This move to the north most likely took place before he was born and he would have therefore grown up in Daxing cheng, not Wuxing. However, because his family came from the south, culturally Daoxuan remained a southerner. The difference between northerners and southerners would shape Daoxuan’s who, according to Chen Huaiyu, put much stock in the cultural superiority of the south as he himself tried to develop Buddhism in the northern capital.
In Daoxuan’s preface to his interview with the spirits, he wrote how from a young age he was interested in tales of the supernormal.
Zanning wrote that Daoxuan was intellectually precocious, reading broadly and capable of composing verse by the age of nine. This mark of genius indicates, if anything, that he was brought up in a wealthy family that had the means to invest in his education. At the age of fifteen, as Daoxuan showed a fondness for Buddhist teaching and an aversion to worldly matters, he joined the monastic order. Under the tutelage of Huiyun 慧頵 (564-637) at Riyan Monastery 日嚴寺, he began his practice and was, according to the Song Biography of Eminent Monks by Zanning, tonsured soon thereafter.
- Buswell & Lopez 2013, p. 215.
- Wong 2018, p. 110.
- Tokuno 1990.
- Tokuno 1990, pp. 48–50.
- Jülch 2016, pp. 2-3.
- Strong 2007, p. 187.
- 甘蔗, 円達. "道宣の支那戒律史上に於はる地位". 支那仏教史学. 3 (2): 2.
- 宋高僧傳 (in Chinese). pp. T2061.790b8–10.
- Chen, Huaiyu (2007). The Revival of Buddhist Monasticism in Medieval China. New York: Peter Lang Publishing. p. 21.
- 藤善, 眞澄 (1986). "道宣の出自をめぐって". 佛教史学研究. 28 (2): 19.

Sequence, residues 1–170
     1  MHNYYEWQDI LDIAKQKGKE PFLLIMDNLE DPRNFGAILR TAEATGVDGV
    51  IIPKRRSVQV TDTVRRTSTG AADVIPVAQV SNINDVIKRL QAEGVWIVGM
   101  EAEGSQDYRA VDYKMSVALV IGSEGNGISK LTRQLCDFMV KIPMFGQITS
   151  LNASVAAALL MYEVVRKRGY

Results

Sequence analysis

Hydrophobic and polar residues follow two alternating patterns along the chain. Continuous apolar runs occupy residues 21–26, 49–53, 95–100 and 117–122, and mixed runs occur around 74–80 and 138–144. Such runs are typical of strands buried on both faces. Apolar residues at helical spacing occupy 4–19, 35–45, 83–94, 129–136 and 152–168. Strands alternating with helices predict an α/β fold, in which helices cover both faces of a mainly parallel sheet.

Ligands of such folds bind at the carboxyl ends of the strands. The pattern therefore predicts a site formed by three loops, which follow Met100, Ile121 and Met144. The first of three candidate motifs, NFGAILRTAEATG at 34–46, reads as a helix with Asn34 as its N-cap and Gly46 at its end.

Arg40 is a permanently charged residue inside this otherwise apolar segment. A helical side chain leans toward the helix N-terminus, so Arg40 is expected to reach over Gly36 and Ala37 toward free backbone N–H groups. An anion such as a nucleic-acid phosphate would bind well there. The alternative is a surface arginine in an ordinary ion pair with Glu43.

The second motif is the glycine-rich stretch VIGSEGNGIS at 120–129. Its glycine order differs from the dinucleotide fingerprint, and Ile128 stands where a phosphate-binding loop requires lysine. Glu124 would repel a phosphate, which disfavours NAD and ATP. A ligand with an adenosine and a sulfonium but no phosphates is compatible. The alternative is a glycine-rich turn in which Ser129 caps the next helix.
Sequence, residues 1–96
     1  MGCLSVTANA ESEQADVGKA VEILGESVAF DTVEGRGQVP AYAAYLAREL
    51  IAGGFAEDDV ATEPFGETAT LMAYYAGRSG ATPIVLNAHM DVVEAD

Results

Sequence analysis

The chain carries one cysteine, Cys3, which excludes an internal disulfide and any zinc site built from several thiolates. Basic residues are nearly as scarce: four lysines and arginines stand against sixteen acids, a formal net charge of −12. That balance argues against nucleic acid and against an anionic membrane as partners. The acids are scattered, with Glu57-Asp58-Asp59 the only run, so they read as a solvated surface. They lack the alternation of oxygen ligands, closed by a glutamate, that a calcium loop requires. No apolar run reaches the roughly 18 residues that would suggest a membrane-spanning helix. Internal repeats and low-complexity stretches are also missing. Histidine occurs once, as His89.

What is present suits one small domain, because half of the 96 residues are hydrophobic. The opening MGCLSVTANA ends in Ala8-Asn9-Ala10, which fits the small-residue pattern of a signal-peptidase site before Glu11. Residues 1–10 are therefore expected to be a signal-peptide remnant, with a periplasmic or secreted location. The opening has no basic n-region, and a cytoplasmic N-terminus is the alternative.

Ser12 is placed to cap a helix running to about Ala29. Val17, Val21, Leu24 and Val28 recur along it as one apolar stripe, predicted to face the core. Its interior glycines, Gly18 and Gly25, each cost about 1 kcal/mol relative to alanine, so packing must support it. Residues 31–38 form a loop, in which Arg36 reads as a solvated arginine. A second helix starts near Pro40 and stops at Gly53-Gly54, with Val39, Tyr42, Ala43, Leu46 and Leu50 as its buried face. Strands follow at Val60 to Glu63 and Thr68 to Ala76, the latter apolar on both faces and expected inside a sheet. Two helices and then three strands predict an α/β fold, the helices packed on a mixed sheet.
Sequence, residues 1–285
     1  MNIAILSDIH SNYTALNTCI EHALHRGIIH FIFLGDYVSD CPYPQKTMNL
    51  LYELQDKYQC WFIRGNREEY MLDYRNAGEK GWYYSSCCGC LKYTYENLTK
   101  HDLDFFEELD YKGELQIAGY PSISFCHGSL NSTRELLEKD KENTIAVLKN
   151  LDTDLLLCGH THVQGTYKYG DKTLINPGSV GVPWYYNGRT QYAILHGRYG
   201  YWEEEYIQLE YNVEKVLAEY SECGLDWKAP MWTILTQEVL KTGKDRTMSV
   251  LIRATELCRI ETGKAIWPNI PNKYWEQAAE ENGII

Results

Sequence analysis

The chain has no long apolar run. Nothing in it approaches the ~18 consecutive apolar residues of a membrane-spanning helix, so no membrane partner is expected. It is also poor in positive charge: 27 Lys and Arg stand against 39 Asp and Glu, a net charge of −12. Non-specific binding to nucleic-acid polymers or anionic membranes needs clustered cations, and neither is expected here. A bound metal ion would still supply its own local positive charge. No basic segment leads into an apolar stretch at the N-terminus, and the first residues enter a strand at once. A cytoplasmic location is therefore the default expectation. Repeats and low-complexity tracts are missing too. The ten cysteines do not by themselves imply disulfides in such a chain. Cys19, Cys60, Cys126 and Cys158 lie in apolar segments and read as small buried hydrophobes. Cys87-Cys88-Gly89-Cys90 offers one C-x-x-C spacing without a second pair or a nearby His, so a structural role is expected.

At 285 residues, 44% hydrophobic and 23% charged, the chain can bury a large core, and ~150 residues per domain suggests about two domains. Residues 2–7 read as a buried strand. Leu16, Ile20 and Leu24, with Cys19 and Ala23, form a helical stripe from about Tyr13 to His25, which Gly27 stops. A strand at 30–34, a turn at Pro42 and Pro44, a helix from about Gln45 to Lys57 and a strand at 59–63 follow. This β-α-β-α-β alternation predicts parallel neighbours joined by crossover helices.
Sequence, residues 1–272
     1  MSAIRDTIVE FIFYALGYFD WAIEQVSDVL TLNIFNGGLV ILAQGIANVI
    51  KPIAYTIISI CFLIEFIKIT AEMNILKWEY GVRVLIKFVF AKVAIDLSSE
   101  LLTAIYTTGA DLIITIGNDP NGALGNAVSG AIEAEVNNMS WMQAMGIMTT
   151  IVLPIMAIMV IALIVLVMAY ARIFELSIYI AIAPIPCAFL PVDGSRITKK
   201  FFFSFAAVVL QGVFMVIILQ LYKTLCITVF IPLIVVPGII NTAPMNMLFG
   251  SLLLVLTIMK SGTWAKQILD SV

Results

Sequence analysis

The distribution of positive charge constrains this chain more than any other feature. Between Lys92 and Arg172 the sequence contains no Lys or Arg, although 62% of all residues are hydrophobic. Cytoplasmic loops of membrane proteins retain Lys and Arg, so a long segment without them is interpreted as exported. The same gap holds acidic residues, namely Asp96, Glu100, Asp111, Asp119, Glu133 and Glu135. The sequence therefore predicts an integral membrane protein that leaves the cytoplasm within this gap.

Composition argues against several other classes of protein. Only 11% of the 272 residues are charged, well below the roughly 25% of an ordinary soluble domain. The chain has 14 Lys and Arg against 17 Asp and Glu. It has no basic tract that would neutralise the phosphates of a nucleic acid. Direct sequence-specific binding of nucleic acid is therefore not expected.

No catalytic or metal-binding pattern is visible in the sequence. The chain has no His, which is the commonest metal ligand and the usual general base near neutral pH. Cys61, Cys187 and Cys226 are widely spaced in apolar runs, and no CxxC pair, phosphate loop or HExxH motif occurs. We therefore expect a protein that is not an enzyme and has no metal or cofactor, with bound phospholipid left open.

- Buswell, Robert Jr; Lopez, Donald S. Jr., eds. (2013). Princeton Dictionary of Buddhism. Princeton, NJ: Princeton University Press. p. 215. ISBN 9780691157863.
- Jülch, Thomas, ed. (2016). The Middle Kingdom and the Dharma Wheel: Aspects of the Relationship Between the Buddhist Saṃgha and the State in Chinese History. Sinica Leidensia. Leiden and Boston: Brill Academic Publishers. ISBN 978-9004309654.
- Strong, J.S. (2007). Relics of the Buddha. Princeton University Press. ISBN 978-0-691-11764-5.
- Tokuno, Kyoko (1990). "The Evaluation of Indigenous Scriptures in Chinese Buddhist Bibliographical Catalogues". In Buswell, Robert E. Chinese Buddhist Apocrypha. University of Hawaii Press. pp. 31–74.
- Wong, Dorothy (2018). Buddhist Pilgrim-Monks as Agents of Cultural and Artistic Transmission: The International Buddhist Art Style in East Asia, ca. 645-770. Singapore: NUS Press National University of Singapore. ISBN 978-9814722599.
- Chen Jinhua (2002). An Alternative View of the Meditation Tradition in China: Meditation in the Life and Works of Daoxuan (596–667), T'oung Pao, Second Series, 88, (4/5), 332–395
- Kenney, E. (2002). Dreams in Further Biographies of Eminent Monks (續高僧傳), Journal of Indian and Buddhist Studies 51 (1), 18–21
- Zhou, Ang (2018). The life of Daoxuan: according to others and his own words, dissertation, Ghent University
|This article includes content from Daoxuan on Wikipedia (view authors). License under CC BY-SA 3.0.|